NYC Increases Financing for Public Schools as 6,000+ Migrant Children Enroll
With an estimated 6,000 migrant children enrolling in the system this school year, New York City is increasing funds for those public schools that are seeing a massive influx of new students.
At a news conference on Tuesday, October 18, officials from the Department of Education, including Chancellor David Banks, said that cash was on the way to several schools that were having trouble keeping up with the rising enrollment.
While at P.S. 16 in The Bronx, which is hosting a large number of migrant children, Chancellor Banks said, “We’re quickly providing more funding to allow schools to step up.”
Nathaniel Styer, the press secretary for the DOE, subsequently added in a tweet, “We’ve provided $25 million directly to schools in response to new students enrolling, and there is more to come.”
On Monday, October 31st, the DOE announced an additional $12 million investment across selected schools experiencing the increase of enrollment.
School budgets are normally adjusted in the fall when enrollment is finalized on Oct. 31 to allow more money to be given to schools serving more children than projected and withdraw money from those enrolling fewer children.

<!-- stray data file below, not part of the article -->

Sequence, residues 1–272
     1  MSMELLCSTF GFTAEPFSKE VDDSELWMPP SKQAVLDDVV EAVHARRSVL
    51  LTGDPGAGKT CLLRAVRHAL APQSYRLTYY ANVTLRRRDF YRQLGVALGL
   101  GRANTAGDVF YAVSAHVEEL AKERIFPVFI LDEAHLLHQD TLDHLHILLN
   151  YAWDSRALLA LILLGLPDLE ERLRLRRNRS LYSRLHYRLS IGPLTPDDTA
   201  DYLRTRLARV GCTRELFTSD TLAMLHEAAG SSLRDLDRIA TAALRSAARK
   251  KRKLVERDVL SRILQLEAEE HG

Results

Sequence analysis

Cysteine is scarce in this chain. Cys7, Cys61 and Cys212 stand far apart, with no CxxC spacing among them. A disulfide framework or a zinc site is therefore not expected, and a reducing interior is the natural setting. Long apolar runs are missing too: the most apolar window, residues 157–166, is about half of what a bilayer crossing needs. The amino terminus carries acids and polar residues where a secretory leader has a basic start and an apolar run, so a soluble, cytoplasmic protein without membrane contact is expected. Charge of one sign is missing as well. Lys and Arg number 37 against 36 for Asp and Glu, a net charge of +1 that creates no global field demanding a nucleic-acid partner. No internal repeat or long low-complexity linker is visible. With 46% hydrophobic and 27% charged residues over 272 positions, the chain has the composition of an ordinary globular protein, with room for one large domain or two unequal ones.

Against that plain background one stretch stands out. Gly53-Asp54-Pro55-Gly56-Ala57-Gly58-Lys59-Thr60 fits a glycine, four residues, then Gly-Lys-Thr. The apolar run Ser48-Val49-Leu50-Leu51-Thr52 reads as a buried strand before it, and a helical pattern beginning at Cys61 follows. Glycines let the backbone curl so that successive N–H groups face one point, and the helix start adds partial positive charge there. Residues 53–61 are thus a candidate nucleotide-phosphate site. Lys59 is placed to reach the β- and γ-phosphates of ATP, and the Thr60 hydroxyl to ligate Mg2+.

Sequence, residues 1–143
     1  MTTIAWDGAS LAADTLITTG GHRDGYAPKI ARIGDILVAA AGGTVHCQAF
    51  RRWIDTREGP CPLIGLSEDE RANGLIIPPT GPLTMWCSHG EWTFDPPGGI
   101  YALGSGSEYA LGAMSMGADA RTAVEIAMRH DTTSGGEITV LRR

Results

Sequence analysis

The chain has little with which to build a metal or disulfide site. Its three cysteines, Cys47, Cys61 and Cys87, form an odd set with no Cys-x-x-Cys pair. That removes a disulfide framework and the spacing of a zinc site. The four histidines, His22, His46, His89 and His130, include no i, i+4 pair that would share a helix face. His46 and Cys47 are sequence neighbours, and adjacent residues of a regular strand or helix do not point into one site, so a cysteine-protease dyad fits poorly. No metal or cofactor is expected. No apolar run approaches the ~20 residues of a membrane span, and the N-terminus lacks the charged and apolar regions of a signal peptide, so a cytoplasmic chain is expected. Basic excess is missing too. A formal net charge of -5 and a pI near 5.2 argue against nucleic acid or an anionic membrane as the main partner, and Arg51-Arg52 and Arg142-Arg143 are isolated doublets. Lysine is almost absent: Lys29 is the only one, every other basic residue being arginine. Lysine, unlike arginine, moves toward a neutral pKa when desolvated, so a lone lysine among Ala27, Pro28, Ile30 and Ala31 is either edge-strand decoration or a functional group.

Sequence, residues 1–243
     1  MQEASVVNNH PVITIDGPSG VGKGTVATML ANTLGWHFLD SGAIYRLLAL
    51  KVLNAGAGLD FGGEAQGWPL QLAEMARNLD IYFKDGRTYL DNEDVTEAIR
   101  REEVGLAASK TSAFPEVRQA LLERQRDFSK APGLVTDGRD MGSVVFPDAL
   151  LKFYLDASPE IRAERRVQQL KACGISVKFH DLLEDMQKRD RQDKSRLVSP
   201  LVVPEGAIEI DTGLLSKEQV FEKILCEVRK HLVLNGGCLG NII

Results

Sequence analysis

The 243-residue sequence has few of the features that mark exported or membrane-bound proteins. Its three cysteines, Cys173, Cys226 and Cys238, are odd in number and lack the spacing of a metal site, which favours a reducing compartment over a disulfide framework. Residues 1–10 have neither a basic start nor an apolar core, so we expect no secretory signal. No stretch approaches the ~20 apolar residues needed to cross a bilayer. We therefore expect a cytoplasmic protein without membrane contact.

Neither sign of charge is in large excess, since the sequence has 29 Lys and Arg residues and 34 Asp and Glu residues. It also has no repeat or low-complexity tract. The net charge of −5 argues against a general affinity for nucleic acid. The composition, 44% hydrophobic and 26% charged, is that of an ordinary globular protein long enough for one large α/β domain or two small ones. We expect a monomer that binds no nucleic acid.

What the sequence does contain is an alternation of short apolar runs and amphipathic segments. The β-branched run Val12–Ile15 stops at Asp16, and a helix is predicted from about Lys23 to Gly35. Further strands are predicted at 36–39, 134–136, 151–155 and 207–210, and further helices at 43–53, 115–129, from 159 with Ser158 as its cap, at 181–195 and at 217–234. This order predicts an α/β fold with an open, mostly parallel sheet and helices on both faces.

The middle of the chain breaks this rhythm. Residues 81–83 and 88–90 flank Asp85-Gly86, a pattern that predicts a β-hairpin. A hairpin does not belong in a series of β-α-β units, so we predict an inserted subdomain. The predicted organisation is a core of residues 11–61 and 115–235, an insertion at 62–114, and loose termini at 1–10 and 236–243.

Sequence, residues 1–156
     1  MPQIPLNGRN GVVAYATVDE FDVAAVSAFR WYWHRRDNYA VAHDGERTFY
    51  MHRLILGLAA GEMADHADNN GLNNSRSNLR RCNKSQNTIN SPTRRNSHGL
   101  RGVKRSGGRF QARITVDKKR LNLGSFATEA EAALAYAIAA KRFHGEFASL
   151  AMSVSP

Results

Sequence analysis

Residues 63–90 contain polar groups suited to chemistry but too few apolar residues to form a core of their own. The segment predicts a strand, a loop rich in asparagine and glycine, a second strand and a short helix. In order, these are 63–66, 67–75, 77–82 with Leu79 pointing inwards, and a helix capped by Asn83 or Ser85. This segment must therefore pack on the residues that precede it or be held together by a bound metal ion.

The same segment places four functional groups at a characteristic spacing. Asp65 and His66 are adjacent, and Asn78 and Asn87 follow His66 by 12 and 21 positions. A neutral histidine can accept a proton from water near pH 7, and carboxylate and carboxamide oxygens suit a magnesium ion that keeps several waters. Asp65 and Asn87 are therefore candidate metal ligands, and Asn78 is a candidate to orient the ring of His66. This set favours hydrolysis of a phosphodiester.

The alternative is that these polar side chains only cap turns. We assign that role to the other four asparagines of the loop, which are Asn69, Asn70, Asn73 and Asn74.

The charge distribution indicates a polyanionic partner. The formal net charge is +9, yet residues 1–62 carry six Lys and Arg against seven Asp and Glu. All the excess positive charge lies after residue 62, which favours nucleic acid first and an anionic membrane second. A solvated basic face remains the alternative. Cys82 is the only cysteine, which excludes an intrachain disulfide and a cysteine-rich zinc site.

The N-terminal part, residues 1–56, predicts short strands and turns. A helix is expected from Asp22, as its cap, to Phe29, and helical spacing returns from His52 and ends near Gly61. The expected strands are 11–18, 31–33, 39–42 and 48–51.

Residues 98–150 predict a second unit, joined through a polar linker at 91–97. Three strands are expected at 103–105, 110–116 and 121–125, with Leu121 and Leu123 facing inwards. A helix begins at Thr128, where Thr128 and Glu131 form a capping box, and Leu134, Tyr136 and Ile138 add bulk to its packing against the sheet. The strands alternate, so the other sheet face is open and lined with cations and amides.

The additional funding allows schools to offer “curricular and instructional support for multilingual learners, as well as family support and necessary purchases.” In the DOE press release, Mayor Eric Adams said, “New York has always been a welcoming place for those seeking a better life in this country. As we see an increase of families seeking asylum in our city, we are working to ensure every student has the resources they need to thrive.”
Chancellor Banks, in the press release, said, “Each one of our kids, whether born in the boroughs or just arrived, deserves every resource we can provide, which is why I am thrilled to be announcing this additional funding today.”
Banks continued, “Schools are the centers of our communities, and through these funds, we will ensure that our schools are fully equipped to provide the academic, emotional, and social needs of our newest New Yorkers. This allocation, alongside the work being done through Project Open Arms, will make sure our new students are able to continue their education without delay and families can know their children are being supported and cared for in the classroom.”
Numerous school-aged children among the tens of thousands of migrants, who have been bused into Manhattan since the spring, have been welcomed by the city.